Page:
Buying a Catamaran - SailNet Community
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Buying a Catamaran

The first sailing adventure in a cat becomes one to remember.
I'll never forget seeing Kjersti (pronounced Share-stee) for the first time, resting high and dry at the brokerage boatyard on the south side of Long Island. I had taken a train from Boston on a wet and miserable winter day to inspect a used Heavenly Twins catamaran. Even the cold rain couldn't dampen my spirits as I admired the lines and stately appearance of this 26 foot English-built sailboat. She was looking a little forlorn and neglected, but I could envision how our young family would bring her back to her former elegance, fill her with our possessions and the joy and enthusiasm of twin toddlers, and sail her to distant shores, assuming, of course, we could reach an agreement with her owner. I somehow sensed we were destined to own her, but there was no way of knowing that this diminutive, yet seaworthy, vessel would truly become our home and take us on countless nautical adventures for the next four years.

When our offer was accepted and we really did own her, I began making plans for getting her from the boatyard to a mooring on the south side of Cape Cod. Looking back, I'm appalled at how little I knew about sailing and boat ownership, but then knowing nothing about parenthood hadn't stopped us from jumping into that in a big way. One could say that some of life's greatest pleasures are only attained by a leap of faith, and Nan and I were natural leapers.

My father-in-law, a teacher and experienced sailor, offered to help with the delivery. He even supplied the crew, three of his female students. He had been sailing all his life, and for over 30 years had been taking teenagers on week-long sailing camps along the New England coast on his classic wooden monohull. I knew he was uncertain about my abilities, perhaps even my sanity, and the viability of a vessel with two hulls. I welcomed the delivery crew, not realizing what an asset his experience and the girls' exuberance would be.

Heading out for the first time requires a small leap of faith.

Early in June the five of us and a surprising amount of boat gear headed to the boatyard in a rental van. The boat was in the water when we arrived, but she was far from being fully "commissioned" as recommended by the surveyor and promised by the broker. Some items were missing and some pieces of equipment were not functioning properly. I was attempting to maintain composure and carry on with preparations for departure when the boom parted company with the gooseneck fitting and crashed into the cockpit. Even then I was able, after moment or two, to see the humor of the situation. But when I discovered that the portable loo hadn't been emptied from the previous season I couldn't help wanting to throttle the broker.

Later that day our gear was stowed, the boom repaired, the fuel tanks filled and a brief-review of the essential elements accomplished. We departed around supper time and headed out the channel to open water. On a broad reach the little boat thrilled us with her sterling performance; even my father-in-law was impressed. Once outside we set our course, set up watches, and settled into a cruising routine.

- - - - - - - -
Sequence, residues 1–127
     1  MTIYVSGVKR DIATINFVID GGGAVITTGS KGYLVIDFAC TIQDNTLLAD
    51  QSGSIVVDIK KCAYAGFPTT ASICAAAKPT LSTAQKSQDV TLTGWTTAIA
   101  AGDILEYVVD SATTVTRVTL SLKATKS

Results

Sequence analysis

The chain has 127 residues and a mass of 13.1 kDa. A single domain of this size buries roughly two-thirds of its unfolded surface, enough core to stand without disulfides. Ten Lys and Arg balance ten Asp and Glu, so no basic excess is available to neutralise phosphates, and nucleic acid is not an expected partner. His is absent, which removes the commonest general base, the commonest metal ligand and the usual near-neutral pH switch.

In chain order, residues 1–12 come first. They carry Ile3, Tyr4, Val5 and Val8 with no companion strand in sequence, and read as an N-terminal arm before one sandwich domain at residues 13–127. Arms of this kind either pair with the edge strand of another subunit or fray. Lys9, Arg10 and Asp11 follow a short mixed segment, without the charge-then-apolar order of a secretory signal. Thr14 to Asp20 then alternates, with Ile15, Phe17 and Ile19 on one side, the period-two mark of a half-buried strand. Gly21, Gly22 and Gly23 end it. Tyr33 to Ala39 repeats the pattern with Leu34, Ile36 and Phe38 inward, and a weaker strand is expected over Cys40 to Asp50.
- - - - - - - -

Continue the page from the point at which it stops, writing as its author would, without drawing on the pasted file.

The cruise was a double initiation for me: learning about sailing and multihulls in one fell swoop. Fortunately, the first night was clear and the winds were fair. My watch was shared by one of the female students. The Heavenly Twins has a wonderful center cockpit with two double cabins aft. The wheel helm is located on the port side of the spacious cockpit, and with a 14-foot beam there's plenty of seating and locker space. Down below, the boat has a central main salon cabin forward on level with the cockpit, a full galley to port, and a head and navigation area to starboard.

The second day was sunny with a dying wind. We poked along the south shore of Long Island, enjoying ourselves but wishing the boat had come equipped with a good light wind headsail. The second night was filled with excitement. First we sailed into the middle of a large fishing fleet. Their many lights were confusing and it took absolute concentration to find our way through them successfully. We were still weaving a path through the fleet when thunderstorms and squalls descended upon us with a vengeance. I leaped to the center well in the cockpit to get the outboard engine on. First the engine was stuck in the "Up" position, and then when I managed to lower it into the water it wouldn't start. I tinkered, cursed, tinkered some more, threatened, and finally the ancient engine came to life. I promised myself a new engine was definitely in our future.

For gentle zeyphers, a light-air headsail is a welcome addition.

The third day was clear and breezy, and the boat seemed to perform well on all points of sail. Her ample foredeck proved to be a perfect place to pass the time when not at the helm. We sailed past Block Island and headed for the Elizabethan Islands west of Cape Cod, where we spent the night in a lovely anchorage. By noon the next day Kjersti was moored in her new home off the town of Cotuit.

For the next year and a half we would learn the finer points of sailing a multihull in the waters off Cape Cod, outfit Kjersti with new sails and improved rigging (including a light wind drifter and a permanently mounted whisker pole), and put our personal touch on her inside and out. Kjersti would prove to be the ideal sailing vessel and part-time home for our family. She was our first multihull and we would make the most of having her.

Suggested Reading List

  1. Affordable Multihulls by Kevin Jeffrey
  2. A Pocket-sized Adventure by Bruce Caldwell
  3. Nature Never Disappoints When Cruising by Sue & Larry
  4. First Sail of the Season by Bruce Caldwell

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